Jeff Bertolucci -- "Search Engine Shootout"
Chris Sherman -- "Google Bested in Search Shootout"
Image of Bailey Hotel in Cashel that you find when asking for "Cashel Bailey" on Yahoo! Google does not return the venue's web site at the top of its results.

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Playing Loose with the Numbers

I DON'T BELIEVE Ireland's first city-wide hotspot is Carlow, mainly because it's not really city-wide. Many Irish towns like Carlow have rings of fibre under their pavements so it's good to find a use for that fibre.  On national news and through several industry mailing lists, Carlow announced that it's wifi all around. Not yet. Carlow's Wi-Fi network covers only half of all businesses and no more than 10% of homes in Carlow town.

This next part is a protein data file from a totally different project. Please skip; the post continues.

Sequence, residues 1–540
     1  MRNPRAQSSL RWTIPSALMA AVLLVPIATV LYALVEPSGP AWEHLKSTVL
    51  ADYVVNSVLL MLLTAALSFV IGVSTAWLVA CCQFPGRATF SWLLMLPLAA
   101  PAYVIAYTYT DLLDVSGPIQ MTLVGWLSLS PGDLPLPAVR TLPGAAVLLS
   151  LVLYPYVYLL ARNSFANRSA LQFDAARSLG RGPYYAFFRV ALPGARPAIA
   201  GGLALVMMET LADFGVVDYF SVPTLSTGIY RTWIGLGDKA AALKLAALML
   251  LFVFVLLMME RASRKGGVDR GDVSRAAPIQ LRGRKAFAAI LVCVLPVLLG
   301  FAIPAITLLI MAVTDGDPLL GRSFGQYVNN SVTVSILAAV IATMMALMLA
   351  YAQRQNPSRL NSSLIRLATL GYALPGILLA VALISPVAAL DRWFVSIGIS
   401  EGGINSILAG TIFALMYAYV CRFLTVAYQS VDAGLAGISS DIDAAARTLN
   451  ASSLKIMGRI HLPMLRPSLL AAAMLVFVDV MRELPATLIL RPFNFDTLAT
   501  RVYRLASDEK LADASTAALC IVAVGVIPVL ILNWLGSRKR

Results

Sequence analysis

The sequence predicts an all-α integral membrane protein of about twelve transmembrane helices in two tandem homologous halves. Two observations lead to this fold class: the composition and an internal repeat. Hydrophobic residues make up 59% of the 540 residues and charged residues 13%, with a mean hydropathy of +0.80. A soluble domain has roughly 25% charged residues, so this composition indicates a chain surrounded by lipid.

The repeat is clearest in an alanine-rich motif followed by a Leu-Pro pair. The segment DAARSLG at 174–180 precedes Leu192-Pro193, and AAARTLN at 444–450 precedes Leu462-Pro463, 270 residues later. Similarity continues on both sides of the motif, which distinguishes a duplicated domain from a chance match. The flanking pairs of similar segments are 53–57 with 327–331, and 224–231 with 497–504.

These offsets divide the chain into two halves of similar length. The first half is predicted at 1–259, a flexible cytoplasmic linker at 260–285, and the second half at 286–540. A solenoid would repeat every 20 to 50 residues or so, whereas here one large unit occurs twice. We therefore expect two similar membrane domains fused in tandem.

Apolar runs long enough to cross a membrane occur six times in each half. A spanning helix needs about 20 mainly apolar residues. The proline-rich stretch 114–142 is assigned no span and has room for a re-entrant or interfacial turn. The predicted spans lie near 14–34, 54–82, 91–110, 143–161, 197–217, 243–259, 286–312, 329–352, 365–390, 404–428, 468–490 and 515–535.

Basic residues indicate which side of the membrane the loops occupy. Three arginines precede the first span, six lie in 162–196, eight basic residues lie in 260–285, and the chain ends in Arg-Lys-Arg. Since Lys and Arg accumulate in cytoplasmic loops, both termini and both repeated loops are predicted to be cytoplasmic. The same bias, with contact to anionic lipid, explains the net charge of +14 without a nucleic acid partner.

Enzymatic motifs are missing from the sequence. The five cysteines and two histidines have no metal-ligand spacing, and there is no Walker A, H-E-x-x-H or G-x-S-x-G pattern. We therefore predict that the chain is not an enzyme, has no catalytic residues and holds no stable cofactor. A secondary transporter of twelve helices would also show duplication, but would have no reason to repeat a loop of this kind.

John Kennedy has the facts on the roll-out.
Damien Mulley -- "Enet are bigger than Jesus"
Michele Neylon -- "Carlow Goes WiFi"